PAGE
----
(RxWiki News) Kids with eczema often itch. Eczema has also been linked to food allergies for some time. New research adds some insight into how this connection happens. A recent study found babies with eczema were more likely to have some kind of food allergy than infants without the skin condition.
The findings of this study suggest that certain immune cells in the skin might play a crucial role in how food allergies develop, according to the researchers.
"See an allergist to find out if your child is sensitive to certain foods."
This study, led by Carsten Flohr, MD, PhD, clinician scientist and senior lecturer at the St. John’s Institute of Dermatology and the Guy’s and St Thomas’ Hospital NHS Foundation Trust in London, aimed to see how certain components of eczema, or atopic dermatitis (AD), could trigger food allergies in babies.
The investigators looked specifically at how inflammation and the breakdown of the skin that occurs with eczema affects food allergy development. Eczema is the most common skin condition among children in developed countries.
The researchers looked at 619 infants who were breastfed since birth and recruited at 3 months of age. The babies were part of the Enquiring About Tolerance (EAT) study between October 2009 and April 2012.
The researchers tracked the type and severity of each child's condition. The two types of eczema were non-flexural and flexural, which is under the arms, in the groin, around the anus or under the breasts in girls.
Because eczema can dry out the skin, the amount of water lost from the babies' skin was also measured. The researchers took these measurements on the babies' unaffected forearms.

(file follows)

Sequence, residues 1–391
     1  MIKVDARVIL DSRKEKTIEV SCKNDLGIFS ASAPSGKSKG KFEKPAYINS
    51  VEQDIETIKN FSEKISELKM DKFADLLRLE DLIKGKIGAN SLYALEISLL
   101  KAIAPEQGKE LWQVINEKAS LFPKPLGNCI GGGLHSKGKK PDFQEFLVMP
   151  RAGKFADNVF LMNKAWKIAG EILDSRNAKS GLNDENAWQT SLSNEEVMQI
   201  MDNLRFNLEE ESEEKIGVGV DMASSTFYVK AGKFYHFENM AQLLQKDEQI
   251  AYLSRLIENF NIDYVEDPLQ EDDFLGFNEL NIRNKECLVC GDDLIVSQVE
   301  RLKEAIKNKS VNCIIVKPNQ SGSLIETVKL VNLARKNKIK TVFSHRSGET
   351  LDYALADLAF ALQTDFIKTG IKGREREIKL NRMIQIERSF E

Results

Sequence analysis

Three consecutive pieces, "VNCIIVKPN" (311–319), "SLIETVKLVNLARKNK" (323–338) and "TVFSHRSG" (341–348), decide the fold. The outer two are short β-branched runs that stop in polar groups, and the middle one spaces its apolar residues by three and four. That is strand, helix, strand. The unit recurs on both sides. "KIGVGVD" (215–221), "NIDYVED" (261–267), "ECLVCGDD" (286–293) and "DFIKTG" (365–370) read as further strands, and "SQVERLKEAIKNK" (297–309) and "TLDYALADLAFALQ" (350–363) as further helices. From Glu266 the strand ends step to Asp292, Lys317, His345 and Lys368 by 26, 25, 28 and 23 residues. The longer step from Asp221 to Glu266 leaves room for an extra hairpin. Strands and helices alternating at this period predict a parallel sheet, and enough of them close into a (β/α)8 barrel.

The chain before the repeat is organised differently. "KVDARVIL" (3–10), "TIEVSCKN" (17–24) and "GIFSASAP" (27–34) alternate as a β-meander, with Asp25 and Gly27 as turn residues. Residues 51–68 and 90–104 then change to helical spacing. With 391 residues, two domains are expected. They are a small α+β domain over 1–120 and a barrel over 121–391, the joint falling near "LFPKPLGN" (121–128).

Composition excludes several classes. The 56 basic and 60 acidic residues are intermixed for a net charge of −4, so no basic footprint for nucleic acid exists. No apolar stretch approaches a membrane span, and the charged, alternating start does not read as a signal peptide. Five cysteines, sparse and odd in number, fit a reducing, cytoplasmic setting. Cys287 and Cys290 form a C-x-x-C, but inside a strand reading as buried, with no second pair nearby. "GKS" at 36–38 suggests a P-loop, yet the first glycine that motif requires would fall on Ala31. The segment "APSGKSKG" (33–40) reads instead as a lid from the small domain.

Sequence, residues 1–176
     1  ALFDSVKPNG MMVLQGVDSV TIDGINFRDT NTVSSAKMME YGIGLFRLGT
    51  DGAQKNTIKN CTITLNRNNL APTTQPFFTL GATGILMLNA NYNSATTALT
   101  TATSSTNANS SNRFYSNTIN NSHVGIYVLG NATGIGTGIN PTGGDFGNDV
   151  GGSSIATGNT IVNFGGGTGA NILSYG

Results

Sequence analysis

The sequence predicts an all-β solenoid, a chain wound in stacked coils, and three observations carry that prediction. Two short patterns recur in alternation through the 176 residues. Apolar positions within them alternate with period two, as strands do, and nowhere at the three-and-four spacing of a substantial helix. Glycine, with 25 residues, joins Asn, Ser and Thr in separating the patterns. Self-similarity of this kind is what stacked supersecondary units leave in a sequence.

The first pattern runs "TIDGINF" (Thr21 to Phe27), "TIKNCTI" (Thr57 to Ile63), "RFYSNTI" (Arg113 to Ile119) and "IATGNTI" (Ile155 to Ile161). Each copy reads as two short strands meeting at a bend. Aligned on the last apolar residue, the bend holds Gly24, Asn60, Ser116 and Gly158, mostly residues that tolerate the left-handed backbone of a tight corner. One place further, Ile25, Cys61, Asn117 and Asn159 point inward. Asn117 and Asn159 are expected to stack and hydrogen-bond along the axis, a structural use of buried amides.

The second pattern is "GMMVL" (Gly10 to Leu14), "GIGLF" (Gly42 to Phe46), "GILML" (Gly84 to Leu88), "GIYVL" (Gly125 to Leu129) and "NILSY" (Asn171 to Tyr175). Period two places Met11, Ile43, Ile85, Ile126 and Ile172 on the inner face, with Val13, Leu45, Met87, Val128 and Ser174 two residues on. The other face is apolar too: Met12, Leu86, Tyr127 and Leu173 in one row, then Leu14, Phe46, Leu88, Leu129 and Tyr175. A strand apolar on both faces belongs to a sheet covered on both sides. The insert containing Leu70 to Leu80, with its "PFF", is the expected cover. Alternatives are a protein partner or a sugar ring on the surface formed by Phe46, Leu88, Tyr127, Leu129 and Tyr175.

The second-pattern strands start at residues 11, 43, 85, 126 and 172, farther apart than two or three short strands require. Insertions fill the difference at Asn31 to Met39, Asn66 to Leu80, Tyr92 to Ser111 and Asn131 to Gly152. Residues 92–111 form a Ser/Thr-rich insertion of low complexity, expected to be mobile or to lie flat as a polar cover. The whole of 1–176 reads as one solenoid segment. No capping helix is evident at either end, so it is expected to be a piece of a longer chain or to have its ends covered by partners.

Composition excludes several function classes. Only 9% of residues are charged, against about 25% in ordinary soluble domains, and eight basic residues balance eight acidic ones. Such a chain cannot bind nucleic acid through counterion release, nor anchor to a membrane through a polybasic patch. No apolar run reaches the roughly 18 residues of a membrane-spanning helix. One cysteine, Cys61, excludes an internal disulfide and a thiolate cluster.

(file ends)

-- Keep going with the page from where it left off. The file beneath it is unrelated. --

Using skin prick tests, the researchers tested children's reactions to several different food products, including peanuts, eggs, cow's milk, wheat, cod and sesame.
Babies who had eczema were more than six times as likely to have a food allergy as babies who did not have the skin condition, the researchers found. And children who had a food allergy were almost four times as likely to have eczema.
Food allergies were likely to occur in these children whether or not they lost water through the skin and regardless of the kind of eczema they had.
The researchers also found a link between eczema and the level of sensitivity to specific foods.
Babies with eczema were about nine and a half times as likely to be allergic to eggs, nine times as likely to be allergic to milk and four times as likely to be allergic to peanuts.
According to the researchers, the skin barrier plays a crucial role in protecting people from allergens in the environment. When the barrier gets compromised, the skin's immune cells are exposed to the allergens.
"This work takes what we thought we knew about eczema and food allergy and flips it on its head — we thought that food allergies are triggered from the inside out, but our work shows that in some children it could be from the outside in, via the skin," Dr. Flohr said in a press statement.
"For years we have been in search of determining the association between AD and food allergies. Certainly from an epidemiological perspective there is tight association; however, which comes first is of great importance in attempt to prevent disease progression. One thing to remember regarding this study, is that skin tests or in-vitro tests alone (without an associated history of food induced symptoms) has a very high false positive response and thus a positive skin test alone does not equal true food allergy without an accompanying strong history or challenge," John Oppenheimer, MD, a physician at Pulmonary & Allergy Associates, told dailyRx News.
This study, funded by UK Food Standards Agency and the Medical Research Council (MRC), was published online July 18 in the Journal of Investigative Dermatology.
No conflicts of interest were reported.